Burt’s Bees (a business established in Maine in the 1980s, creating candles, and which has grown into a globally recognised provider of personal care products containing beeswax) is an interesting example of a successful concern that has focused on happiness and goodwill to ensure its prosperity.  Given that it refers to its business model as operating for “The Greater Good”, perhaps it should not be surprising that in 2010, when it was decided that the time was right for global expansion, the CEO, John Replogle, made a conscious effort to focus on his employees’ and managers’ wellbeing.  He sent daily emails praising individuals, he reminded managers to talk to their teams about the firm’s values and he brought in an external expert to facilitate a three-hour session on happiness in the middle of the expansion programme. A member of the senior team subsequently commented that Replole’s

"emphasis on fostering positive leadership kept his managers engaged and cohesive as they successfully made the transition to a global company."

In my experience most CEOs and senior leaders tend to increase the pressure on others during big projects and times of change – for example by sending out emails demanding information in very short time scales, making unexpected and changing demands regardless of other business pressures (or else appearing to vanish into a vacuum and not communicating at all as they themselves are distracted by unusual pressures), thereby adding to the stress of their reports and employees. These leadership traits were observed by Daniel Goleman, when researching his EI-Based Theory of Performance.  He noted that the key leadership styles and their impact on others are as below:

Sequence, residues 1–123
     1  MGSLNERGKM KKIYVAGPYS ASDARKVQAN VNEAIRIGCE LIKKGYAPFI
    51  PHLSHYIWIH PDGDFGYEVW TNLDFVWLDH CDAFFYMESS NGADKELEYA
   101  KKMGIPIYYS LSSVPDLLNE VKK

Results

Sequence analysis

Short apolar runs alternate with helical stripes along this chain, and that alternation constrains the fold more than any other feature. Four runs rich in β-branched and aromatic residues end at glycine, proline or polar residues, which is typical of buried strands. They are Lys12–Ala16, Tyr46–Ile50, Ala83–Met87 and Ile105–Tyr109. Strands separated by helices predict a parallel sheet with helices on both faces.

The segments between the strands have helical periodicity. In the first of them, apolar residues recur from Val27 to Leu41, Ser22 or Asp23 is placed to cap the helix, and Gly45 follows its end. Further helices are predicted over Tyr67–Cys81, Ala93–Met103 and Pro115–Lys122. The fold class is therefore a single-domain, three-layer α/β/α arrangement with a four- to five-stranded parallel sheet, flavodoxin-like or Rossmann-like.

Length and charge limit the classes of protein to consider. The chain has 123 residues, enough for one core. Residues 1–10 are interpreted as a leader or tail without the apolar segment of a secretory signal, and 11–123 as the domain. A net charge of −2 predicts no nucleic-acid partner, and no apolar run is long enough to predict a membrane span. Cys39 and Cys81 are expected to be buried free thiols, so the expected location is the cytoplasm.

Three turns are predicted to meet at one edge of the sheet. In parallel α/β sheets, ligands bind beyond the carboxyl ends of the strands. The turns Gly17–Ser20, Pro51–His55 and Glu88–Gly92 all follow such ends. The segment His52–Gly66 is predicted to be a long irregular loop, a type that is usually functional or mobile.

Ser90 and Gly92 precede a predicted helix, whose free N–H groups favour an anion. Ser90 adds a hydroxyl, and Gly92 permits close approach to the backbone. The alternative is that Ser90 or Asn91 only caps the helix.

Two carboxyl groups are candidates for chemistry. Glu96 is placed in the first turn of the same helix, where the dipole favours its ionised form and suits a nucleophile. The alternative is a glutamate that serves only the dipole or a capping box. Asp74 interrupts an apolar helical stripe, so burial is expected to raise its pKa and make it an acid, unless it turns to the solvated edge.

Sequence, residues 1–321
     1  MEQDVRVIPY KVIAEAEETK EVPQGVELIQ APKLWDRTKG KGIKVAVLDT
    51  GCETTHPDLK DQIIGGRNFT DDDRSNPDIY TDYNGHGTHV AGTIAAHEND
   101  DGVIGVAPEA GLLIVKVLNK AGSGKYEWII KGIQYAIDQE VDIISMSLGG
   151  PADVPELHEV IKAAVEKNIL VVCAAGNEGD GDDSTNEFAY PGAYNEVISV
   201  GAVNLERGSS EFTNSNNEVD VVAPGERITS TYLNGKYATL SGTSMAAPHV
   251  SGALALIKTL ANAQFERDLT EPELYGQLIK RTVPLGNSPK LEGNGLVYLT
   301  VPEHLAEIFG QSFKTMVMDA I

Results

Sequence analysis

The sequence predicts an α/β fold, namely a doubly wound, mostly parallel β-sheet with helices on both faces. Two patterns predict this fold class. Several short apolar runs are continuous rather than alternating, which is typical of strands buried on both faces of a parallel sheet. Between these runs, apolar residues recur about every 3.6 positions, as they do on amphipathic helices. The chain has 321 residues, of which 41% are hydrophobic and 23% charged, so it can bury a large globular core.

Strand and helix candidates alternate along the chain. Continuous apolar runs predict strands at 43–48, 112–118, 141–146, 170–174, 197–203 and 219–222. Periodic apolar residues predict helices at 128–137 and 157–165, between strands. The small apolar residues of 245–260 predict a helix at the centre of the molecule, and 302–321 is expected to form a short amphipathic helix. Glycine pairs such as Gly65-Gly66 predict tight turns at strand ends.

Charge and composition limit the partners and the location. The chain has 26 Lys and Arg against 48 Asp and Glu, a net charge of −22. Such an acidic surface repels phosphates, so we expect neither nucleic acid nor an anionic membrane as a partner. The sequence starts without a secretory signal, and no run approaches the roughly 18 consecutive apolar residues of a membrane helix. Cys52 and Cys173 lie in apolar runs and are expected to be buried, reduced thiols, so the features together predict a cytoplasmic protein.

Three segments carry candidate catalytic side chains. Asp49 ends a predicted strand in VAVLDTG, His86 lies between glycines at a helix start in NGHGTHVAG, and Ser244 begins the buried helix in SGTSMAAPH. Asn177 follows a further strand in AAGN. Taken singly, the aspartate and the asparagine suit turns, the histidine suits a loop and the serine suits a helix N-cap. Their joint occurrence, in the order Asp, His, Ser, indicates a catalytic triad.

Leadership Style
EI Competencies
Impact On Climate
When Appropriate
Drive to achieve; initiative, emotional self-control
Strongly negative
Immediate compliance
In a crisis, to kick-start a turnaround, or with problem employees.
Self-confidence; empathy; change catalyst
Most strongly positive
Mobilize others to follow a vision.
When change requires a new vision, or when a clear direction is needed.
Empathy, building bonds; conflict management
Highly positive
Create harmony
To heal rifts in a team or to motivate during stressful times.
Collaboration; team leadership; communication
Highly positive
Build commitment through participation.
To build buy-in or consensus, or to get valuable input from employees.
Conscientiousness; drive to achieve; initiative
Highly negative
Perform tasks to a high standard.
To get quick results from a highly motivated and competent team.
Developing others; empathy; emotional self-awareness
Highly positive
Build strengths for the future.
To help an employee improve performance or develop long-term strengths.